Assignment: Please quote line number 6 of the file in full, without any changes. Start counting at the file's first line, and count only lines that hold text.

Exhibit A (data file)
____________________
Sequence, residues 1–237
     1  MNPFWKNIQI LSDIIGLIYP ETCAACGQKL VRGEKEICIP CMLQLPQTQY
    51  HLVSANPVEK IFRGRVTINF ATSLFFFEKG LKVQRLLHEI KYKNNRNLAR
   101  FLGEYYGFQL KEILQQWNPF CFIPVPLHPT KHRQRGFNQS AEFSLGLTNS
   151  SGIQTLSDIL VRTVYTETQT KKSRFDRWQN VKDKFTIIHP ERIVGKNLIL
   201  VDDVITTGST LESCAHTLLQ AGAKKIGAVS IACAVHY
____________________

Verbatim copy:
   201  VDDVITTGST LESCAHTLLQ AGAKKIGAVS IACAVHY